Do you find hiring talented salon employees one of your hardest challenges?

You don’t need me to tell you that we’re suffering from a desperate shortage of skilled candidates in our industry.

So when an experienced applicant answers your job advert it’s tempting to bite their hand off at the interview.


Two weeks on, and you’re already regretting your hasty decision. They are constantly late, bicker with your team and rub salon clients up the wrong way.


12 warning signs when interviewing new salon staff

In this salon business post I look at the clues potential troublemakers let slip during their interview and how to spot them.

Are interview nerves the root cause of their behaviour or is this a recruitment red flag you should not ignore.


1. Screen salon applicants pre-interview

How many times has your heart sunk as a candidate walked through the salon door for an interview? You just know the next 30 minutes are a going to be a complete waste of your time.

Save yourself time, money and hassle by pre-screening job applicants with a short phone call before offering an interview.

You’ll weed out the unimpressive, weak candidates and those who aren’t the right cultural fit for your salon business.


2. Unreliable and uncommitted from the start

You suggest a choice of interview dates, but there is always an excuse for why they can’t make it. Work, transport or baby-sitters. If candidates are difficult to nail down for the interview your inner alarm bells should ring (loudly).

Cancelling their interview at the last minute with a far-fetched or weak excuse should also put you on your guard. If you offer them a job are they going to be the problem staff who call in “sick” on a regular basis and prove unreliable?

And then there are the applicants who arrive late, without as much as a call or text to let you know. If they are running late for this, an important career interview, then you’re right to have suspicions over their time-keeping on client appointments once in post.


3. Bad mouthing their current employer in the interview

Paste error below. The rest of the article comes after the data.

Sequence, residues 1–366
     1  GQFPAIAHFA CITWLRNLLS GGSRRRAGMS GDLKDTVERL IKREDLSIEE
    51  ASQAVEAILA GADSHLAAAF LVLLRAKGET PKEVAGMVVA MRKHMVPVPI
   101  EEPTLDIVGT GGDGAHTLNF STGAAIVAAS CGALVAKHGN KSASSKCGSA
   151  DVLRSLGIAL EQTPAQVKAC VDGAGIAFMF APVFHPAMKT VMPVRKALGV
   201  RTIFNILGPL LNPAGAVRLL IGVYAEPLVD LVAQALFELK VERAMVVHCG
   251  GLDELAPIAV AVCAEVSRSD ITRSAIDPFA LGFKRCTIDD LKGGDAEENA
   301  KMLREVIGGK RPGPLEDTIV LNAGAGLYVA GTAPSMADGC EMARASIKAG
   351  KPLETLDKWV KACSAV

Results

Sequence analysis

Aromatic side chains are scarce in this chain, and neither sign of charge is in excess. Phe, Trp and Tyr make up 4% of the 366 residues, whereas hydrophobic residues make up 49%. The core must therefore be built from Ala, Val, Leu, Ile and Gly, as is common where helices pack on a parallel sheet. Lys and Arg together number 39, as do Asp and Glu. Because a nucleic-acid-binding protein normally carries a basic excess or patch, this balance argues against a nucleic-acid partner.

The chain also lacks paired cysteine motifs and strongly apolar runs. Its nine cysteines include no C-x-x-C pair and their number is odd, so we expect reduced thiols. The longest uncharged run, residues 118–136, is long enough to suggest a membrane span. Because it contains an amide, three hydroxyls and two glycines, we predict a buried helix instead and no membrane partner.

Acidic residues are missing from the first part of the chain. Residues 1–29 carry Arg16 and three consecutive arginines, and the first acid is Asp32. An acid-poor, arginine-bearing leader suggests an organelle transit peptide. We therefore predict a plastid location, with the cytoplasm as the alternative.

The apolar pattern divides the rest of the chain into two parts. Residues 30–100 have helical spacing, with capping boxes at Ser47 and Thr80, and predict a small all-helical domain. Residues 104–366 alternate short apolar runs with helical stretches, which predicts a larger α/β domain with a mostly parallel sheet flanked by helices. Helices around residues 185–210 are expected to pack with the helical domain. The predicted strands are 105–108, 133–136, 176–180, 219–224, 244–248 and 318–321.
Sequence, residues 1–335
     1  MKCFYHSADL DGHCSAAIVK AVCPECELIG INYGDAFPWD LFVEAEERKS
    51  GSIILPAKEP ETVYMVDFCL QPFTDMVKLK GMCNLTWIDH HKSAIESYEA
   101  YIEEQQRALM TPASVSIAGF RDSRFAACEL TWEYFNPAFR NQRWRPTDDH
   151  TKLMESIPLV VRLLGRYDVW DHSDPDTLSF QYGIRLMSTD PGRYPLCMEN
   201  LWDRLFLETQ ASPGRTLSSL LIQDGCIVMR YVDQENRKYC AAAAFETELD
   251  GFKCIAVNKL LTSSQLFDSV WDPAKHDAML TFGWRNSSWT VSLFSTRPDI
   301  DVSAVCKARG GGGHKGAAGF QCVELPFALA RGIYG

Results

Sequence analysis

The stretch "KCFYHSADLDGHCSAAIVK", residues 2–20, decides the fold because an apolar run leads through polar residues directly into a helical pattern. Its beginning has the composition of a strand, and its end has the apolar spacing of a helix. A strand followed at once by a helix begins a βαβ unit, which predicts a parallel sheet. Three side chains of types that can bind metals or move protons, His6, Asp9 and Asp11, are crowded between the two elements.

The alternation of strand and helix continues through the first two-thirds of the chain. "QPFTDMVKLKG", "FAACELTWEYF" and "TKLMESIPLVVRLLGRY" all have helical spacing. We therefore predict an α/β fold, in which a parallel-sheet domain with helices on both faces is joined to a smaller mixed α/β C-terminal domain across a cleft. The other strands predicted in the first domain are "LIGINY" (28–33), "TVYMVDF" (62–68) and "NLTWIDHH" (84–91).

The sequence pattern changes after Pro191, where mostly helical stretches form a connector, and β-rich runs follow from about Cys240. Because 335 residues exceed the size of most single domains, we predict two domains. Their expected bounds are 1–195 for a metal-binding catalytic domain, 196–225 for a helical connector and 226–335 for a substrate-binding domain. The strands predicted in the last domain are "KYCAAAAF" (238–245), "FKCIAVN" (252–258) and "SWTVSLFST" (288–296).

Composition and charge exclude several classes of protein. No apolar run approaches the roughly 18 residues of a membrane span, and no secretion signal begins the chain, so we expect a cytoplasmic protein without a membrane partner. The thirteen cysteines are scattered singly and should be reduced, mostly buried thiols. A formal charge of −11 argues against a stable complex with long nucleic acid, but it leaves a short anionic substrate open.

They may have just cause to bitch, but it is still inexcusable and unprofessional behaviour to criticise their current salon during their interview.

Are they going to be doing the same in your salon, behind your back? Constantly fault-finding.

Are you in danger of hiring a whinger whose negativity affects your team culture and offends your salon clients?


4. Interview body language speaks volumes

It takes just 7 seconds to make that first impression.

If they don’t impress you at interview, then what chance do they have of wowing your clients?

When we communicate we use a combination of words, tone, body language and other non verbal signs (like dress).


Do they look you in the eye and offer to shake hands? Or look at the ground, arms hanging limply by their sides and mumble? What impact would this greeting have on a new salon client?

During the interview do they appear disinterested and look around the salon as you speak to them. Clients expect 100% attention from their stylist or therapist, not someone who appears disinterested and bored.

Is sloppy body language letting your salon team down? Are clients getting the wrong message? You might like these ideas and tips for a training session on powerful non verbal body language.


5. You’re so vain (I don’t want you in my salon)

Of course you want self-assured confident employees, however, when their talk revolves entirely around themselves you need to decide whether it’s interview nerves or they are naturally arrogant and fond of bragging.

How are your salon team going to react to an egotistical loud-mouth in their midst? Unimpressed I guess. It may cause amusement to start with, but this will soon turn to irritation and younger team members may well feel intimidated and de-motivated. This blog post “How to stop bullying crippling your salon or spa business” has helpful practical tips on combating bullying in salon.